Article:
Gary Kubiak: First of all, kudos to the Texans for correctly playing the 2011 offseason. We've said this before, but they failed to draft for secondary help, which seemed weird, but now looks genius, especially since they went out and signed Johnathan Joseph in free agency. He's been a difference maker for Houston, and not just because he represents better value than Nnamdi Asomugha already. Kubes, on the other hand, is sitting at 3-1 and has a pretty clear path to a division title, the Titans success notwithstanding. Obviously the Texans aren't locked into the 2011 playoffs just yet, but their chances are looking pretty good right now, and that'll do a lot to justify his return for this season.

Matt Forte: Another topic in this past week's SSP, Forte is mauling defenses this year -- even if they are the Panthers! -- and forcing the Bears to pay him this offseason. For whatever reason, Chicago believed that Forte wasn't worth the cash and didn't pony up before 2011 began. That's fine, and that's their prerogative. But if they want to keep him, Forte's success this year is going to make it expensive.

NFL Fans: In just a few hectic weeks, fans of football went from "OMG, we might not get football at all this year" to "OMG, football is more exciting to watch than at any period of time, ever." We've seen scoring cranked up, we've seen incredible storylines (Lions, Bills, oh my), we've seen incredible comebacks (four 20-pointers in the last two weeks) and we've seen no truly noticeable ill effects of the missed offseason. If there are any complaints, it might be the new kickoff rules and the lack of consistency on replays. The former everyone who's not over now will be over by the end of the year, and the latter can be fixed. It's a good time to be an NFL fan.

LOSERS
Todd Haley: That Haley ended the quarter-season mark on a high note, with a victory over Minnesota, is a good thing. Otherwise the Chiefs might be starting at an 0-4 start and his seat would be somehow be hotter. It's really an unfathomable dropoff from winning the division in 2010. Haley's been victimized by a lot of key injuries -- Eric Berry, Tony Moeaki and Jamaal Charles all went down for the year -- but things weren't all that good with the win against Minny, as Haley managed to get in a screaming match with Matt Cassel.

Tony Romo: It amazes me that Romo can't do anything right. Or, maybe, he can't avoid whatever he does being scrutinized to the nth degree. After Week 1, when he threw a terrible pick against the Jets that cost him the game, he was a goat. Then he injured his ribs against the 49ers, led the Cowboys to victory and he was a hero. Then he played with busted ribs against the Redskins, overcame his entire team stinking the joint up and morphed into a different person that we knew.  Then came the Lions loss. Romo tossed back-to-back picks that Detroit took to the house and everyone hopped off the "I heart Romo" bandwagon and back on the "Choker" train. It's not fair to Romo because it's not all his fault, but none of that matters to anyone that applies the labels.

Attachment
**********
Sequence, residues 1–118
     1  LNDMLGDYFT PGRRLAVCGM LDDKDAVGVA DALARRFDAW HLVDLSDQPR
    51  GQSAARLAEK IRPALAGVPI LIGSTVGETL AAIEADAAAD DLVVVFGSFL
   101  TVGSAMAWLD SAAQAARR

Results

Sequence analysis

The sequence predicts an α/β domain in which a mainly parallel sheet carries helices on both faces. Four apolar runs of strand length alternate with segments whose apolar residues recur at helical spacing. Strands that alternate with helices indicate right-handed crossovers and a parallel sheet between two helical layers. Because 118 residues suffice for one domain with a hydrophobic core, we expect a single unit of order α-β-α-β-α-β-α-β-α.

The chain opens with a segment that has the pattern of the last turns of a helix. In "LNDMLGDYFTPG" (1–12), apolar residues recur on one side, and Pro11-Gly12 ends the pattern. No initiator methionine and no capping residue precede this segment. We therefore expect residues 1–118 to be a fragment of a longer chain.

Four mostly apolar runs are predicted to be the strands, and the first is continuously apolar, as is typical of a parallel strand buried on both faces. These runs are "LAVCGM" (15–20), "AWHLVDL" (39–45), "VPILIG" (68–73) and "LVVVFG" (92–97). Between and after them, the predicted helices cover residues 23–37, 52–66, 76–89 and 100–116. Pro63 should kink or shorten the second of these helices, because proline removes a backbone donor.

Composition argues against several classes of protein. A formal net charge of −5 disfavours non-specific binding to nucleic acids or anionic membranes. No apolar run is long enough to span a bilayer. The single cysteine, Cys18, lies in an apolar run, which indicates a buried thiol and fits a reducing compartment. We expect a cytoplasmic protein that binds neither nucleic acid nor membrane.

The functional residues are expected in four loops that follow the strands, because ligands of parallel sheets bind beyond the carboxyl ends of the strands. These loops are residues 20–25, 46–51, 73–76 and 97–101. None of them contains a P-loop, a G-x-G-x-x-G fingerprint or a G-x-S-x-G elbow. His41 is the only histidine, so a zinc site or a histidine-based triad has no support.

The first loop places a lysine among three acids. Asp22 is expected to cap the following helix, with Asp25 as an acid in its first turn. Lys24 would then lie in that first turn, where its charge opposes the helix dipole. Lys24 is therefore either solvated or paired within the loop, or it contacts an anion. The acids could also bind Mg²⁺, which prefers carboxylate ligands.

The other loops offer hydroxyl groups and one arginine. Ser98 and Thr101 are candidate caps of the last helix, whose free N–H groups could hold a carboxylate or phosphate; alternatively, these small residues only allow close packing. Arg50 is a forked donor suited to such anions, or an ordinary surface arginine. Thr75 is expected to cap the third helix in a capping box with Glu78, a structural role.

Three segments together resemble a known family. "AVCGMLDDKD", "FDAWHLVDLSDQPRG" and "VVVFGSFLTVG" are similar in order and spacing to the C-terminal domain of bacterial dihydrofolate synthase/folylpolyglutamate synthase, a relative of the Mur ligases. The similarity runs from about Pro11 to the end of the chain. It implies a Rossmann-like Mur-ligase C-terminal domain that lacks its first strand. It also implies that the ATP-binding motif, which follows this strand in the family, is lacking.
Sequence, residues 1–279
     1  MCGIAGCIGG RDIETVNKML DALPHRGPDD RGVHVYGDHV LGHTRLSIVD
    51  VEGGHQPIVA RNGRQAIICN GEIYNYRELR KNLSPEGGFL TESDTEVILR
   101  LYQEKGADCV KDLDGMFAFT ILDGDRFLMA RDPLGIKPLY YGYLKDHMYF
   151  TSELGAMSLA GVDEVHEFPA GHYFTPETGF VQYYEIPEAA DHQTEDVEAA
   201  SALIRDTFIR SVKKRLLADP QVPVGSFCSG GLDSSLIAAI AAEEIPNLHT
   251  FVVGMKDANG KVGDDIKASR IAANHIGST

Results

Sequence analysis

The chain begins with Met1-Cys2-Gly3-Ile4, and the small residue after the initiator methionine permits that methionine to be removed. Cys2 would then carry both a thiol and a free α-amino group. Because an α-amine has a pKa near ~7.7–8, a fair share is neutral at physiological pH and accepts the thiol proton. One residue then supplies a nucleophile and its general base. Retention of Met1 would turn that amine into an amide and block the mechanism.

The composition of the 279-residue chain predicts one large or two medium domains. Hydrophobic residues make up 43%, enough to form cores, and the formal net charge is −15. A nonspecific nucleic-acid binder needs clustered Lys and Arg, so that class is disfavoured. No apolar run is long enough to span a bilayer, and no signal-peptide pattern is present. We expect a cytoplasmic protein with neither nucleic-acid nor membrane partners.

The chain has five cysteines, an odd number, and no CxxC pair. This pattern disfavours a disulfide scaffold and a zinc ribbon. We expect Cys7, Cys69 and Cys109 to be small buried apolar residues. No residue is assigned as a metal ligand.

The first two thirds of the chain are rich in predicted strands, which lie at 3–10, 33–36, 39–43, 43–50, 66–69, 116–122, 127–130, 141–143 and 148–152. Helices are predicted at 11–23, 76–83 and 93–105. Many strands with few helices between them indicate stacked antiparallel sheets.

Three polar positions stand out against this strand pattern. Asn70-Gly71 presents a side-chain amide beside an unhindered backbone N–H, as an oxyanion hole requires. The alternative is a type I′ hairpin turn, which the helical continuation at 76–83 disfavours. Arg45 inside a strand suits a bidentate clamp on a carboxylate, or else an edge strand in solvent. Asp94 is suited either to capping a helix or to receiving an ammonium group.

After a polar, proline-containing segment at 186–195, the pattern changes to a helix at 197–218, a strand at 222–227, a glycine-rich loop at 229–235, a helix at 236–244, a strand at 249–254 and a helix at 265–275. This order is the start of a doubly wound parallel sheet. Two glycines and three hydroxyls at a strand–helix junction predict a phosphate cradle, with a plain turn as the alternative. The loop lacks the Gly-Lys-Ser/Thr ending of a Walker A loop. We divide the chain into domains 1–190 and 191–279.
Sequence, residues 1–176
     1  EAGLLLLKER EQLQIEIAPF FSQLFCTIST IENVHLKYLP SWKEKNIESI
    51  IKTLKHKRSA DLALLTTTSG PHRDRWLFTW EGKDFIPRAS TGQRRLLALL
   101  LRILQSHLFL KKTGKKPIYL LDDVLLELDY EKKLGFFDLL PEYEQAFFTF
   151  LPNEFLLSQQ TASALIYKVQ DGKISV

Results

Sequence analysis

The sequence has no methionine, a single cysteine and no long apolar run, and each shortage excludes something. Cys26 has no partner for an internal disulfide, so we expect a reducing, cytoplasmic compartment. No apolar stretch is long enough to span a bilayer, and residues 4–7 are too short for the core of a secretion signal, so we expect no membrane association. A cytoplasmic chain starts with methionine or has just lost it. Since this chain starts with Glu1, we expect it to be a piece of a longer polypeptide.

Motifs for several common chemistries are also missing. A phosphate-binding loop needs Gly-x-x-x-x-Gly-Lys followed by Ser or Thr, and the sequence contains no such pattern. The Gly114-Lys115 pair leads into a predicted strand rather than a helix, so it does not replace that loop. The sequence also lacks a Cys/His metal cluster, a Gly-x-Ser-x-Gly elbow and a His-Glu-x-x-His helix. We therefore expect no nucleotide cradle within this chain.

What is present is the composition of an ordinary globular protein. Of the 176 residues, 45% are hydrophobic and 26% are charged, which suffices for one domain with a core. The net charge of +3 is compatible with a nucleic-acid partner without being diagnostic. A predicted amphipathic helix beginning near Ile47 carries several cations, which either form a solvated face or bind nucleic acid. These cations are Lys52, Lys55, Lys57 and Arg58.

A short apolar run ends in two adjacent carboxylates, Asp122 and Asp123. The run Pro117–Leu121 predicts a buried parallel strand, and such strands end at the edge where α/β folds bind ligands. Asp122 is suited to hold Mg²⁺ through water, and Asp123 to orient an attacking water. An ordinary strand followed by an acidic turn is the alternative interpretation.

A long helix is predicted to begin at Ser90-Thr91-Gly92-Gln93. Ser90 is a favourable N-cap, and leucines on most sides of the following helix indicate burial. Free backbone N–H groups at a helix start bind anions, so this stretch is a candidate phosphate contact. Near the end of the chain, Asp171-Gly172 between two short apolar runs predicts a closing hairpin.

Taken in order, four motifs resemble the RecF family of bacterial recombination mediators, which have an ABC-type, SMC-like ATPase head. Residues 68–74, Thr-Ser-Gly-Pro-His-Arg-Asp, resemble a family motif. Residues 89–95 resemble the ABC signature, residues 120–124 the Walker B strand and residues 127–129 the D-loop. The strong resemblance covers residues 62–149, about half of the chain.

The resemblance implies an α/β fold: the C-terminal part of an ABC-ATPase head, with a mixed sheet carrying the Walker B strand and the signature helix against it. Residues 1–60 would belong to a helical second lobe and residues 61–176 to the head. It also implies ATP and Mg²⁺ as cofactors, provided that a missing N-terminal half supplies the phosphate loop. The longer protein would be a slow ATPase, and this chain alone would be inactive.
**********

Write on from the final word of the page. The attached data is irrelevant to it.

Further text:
Ben Roethlisberger: For years, the Steelers have managed to succeed despite a porous offensive line. That's mainly because Roethlisberger's strength is keeping a play alive by being a physical beast. But even he's struggling to fight through the Steelers inability to block, and suddenly Pittsburgh's in a precarious position at 2-2 with Roethlisberger banged up. Of course, he missed time for non-injury reasons last year, and he also suffered through injuries and the Steelers line was also terrible last season. Still, it's hard to fathom Roethlisberger staying healthy if he keeps getting destroyed at this rate.

Kyle Orton/Donovan McNabb: Because quarterbacks seem to be succeeding at an earlier stage than ever before, there's immediate cries for the next guy any time a veteran struggles. Orton and McNabb, neither of whom is putting up great numbers thus far in 2011, are the best examples because of the two guys -- Tim Tebow and Christian Ponder, respectively -- who sit behind them. Both Orton and McNabb are slightly under 60 percent in terms of completion percentage this season, and while neither one is lighting up the scoreboard with touchdown passes and passing yardage, it's important to remember that one (Orton) is running a John Fox offense and the other (McNabb) is on a team with Adrian Peterson.

Juan Castillo: The Eagles shipped out Sean McDermont because Jim Johnson's shadow was too much to overcome. And then they brought in Castillo, who coached Philly's offensive line for 12 years. Yes, that's offensive line. Given that the Eagles added both Nnamdi Asomugha and Dominique Rodgers-Cromartie in the offseason, it looked like it might not matter. But Castillo's new-age "don't tackle" defense hasn't gone over well against an opponent yet, and the Eagles find themselves 1-3 primarily because they simply can't stop anyone. Sure, they're tough to pass on ... unless you have a good tight end. And if you don't, and you happen to have a decent power running game, you don't even have to worry about it.

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Posted on: October 3, 2011 1:44 pm
 

Week 4 NFL Podcast Review

Posted by Will Brinson & Ryan Wilson

National Choker's Day is over, and it's time to break down a hefty slate of Week 4 NFL action. Joining us as always for the "the Detroit Lions are still somehow undefeated" talk is Michael David Smith of Pro Football Talk.